TITLE

Reasonable Partiality and Animal Ethics

AUTHOR(S)
Rollin, Bernard
PUB. DATE
January 2005
SOURCE
Ethical Theory & Moral Practice;Jan2005, Vol. 8 Issue 1/2, p105
SOURCE TYPE
Academic Journal
DOC. TYPE
Article
ABSTRACT
Moral psychology is often ignored in ethical theory, making applied ethics difficult to achieve in practice. This is particularly true in the new field of animal ethics. One key feature of moral psychology is recognition of the moral primacy of those with whom we enjoy relationships of love and friendship -philiain Aristotle’s term. Although a radically new ethic for animal treatment is emerging in society, its full expression is severely limited by our exploitative uses of animals. At this historical moment, only the animals with whom we enjoyphilia- companion animals - can be treated with unrestricted moral concern. This ought to be accomplished, both for its own sake and as an ideal model for the future evolution of animal ethics.
ACCESSION #
17090123

 

Related Articles

  • "To See a World in a Grain of Sand": Complexity Ethics and Moral Education. Heeson Bai; Banack, Hartley // Complicity: An International Journal of Complexity & Education;2006, Vol. 3 Issue 1, p5 

    Making the case for the mutual relationship between ontology (what reality is like) and ethics (how we should conduct ourselves), this essay argues that the dualistic, linear, deterministic ontology of Modern Science that categorically separates perceiver and the perceived, knower and known is...

  • Humanización: hacia una educación crítica en Derechos Humanos. HERNANDO GÓMEZ-ESTEBAN, JAIRO // Universitas Psychologica;ene-abr2009, Vol. 8 Issue 1, p225 

    The purpose of this article is to problematize the three fundamental dimensions of the human rights education: the dialogicity, the "Otherness" and the juridicity, having previously discussed minimum ethical, political and legal conditions for a critical education in human rights. The article...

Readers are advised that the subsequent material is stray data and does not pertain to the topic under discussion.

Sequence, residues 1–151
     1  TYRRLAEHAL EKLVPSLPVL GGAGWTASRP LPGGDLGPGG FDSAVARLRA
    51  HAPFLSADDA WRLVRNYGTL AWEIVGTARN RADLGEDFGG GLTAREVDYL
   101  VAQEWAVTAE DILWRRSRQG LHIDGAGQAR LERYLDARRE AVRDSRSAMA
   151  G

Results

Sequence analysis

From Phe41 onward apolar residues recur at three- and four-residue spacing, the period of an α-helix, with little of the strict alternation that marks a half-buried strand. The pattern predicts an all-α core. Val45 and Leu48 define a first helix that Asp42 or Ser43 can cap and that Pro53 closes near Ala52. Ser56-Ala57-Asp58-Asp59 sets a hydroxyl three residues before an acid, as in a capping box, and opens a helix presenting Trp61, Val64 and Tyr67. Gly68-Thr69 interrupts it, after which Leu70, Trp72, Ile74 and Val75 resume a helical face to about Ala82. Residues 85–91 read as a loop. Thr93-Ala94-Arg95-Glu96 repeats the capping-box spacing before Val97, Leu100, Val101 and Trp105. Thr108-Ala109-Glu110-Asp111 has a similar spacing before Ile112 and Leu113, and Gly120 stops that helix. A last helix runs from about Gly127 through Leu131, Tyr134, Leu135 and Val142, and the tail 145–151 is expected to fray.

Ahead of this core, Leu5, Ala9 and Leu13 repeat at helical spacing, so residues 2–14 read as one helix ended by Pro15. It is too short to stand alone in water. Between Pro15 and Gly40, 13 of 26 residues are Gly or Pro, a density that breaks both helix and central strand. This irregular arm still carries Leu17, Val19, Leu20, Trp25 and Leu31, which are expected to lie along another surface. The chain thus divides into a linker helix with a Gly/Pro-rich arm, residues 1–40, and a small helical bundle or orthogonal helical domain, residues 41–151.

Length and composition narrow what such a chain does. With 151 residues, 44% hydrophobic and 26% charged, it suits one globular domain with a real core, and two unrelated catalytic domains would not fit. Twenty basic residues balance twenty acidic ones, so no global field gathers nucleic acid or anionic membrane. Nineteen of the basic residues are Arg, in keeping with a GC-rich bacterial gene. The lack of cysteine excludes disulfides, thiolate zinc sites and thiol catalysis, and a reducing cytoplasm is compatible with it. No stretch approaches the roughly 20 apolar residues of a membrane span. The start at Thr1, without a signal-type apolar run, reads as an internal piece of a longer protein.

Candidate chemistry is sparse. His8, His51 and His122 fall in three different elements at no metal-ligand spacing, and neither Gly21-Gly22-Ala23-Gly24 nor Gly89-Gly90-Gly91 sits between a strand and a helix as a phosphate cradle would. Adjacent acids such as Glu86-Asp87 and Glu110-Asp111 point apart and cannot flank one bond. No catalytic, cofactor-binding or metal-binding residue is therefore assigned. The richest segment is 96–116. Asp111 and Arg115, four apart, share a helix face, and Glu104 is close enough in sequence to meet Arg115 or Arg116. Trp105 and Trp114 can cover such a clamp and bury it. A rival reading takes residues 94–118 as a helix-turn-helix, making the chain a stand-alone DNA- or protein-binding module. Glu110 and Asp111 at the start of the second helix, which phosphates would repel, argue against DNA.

• ON TREATING LIKE CASES DIFFERENTLY. Gillespie, Norman C. // Philosophical Quarterly;Apr75, Vol. 25 Issue 99, p151 

    Argues in favor of a notion in moral philosophy, which maintains that most of the time it is perfectly all right morally to be inconsistent in one's actions.

  • Expecting Common Decency. Calhoun, Cheshire // Philosophy of Education Yearbook;2002, p25 

    An essay is presented which explores what common decency is and examines its implications for teachers. The author differentiates between common decency, supererogatory and obligatory. It also criticizes the legislators, institutions and citizens who blame teachers' decency on the insufficient...

  • Towards a Right Against Risking. Oberdiek, John // Law & Philosophy;Jul2009, Vol. 28 Issue 4, p367 

    The article examines whether morality can distinguish a right against risking. It highlights the potential of moral theories to identify different kinds of rights, like the rights to life and bodily integrity. It discusses the need to solve issues that affect the recognition of a rights against...

  • UNA ESPIRITUALIDAD DE LOS DERECHOS HUMANOS. Morfín Otero, María Guadalupe // Xipe Totek;jun2003, Vol. 12 Issue 2, p113 

    We are all interdependent living in a climate of plurality of thought and belief. A non-believer can be spiritual and a confessed believer can have no spirituality, exhibiting none of the usual outward signs associated with spirituality. In dialogue with the thought of Levinas and Patocka, the...

  • On Egoism and Predatory Behavior. Young, Michael // Journal of Ayn Rand Studies (Journal of Ayn Rand Studies Foundat;Spring2004, Vol. 5 Issue 2, p441 

    Young argues against Michael Huemer's contention that egoism demands sacrificing others. The centrality of mutual trust in achieving vital socially-produced goods requires that egoism strictly limit, in degree and scope, any allow able predation. The need for genuine and meaningful social...

  • do the right thing. Fleming, Jeanne; Schwarz, Leonard // Money;Jul2005, Vol. 34 Issue 7, p46 

    Offers advice to readers concerning behavior and ethics. Ethics of giving a maître d' money for a table at a restaurant; Assertion that this is unethical behavior because it is done at the expense of others; Assumption that friends are not obligated to purchase items at another friends'...

  • The Humanities Return.  // America;1/7/1933, Vol. 48 Issue 14, p325 

    The author reflects on the return of humanities as a foundational course for technical and professional schools. He argues that an architect must know something beyond blue prints, and the physician must realize that all the world is not pills, powders, and a patient. The author points that even...

Share

Read the Article

Courtesy of THE LIBRARY OF VIRGINIA

Sorry, but this item is not currently available from your library.

Try another library?
Sign out of this library

Other Topics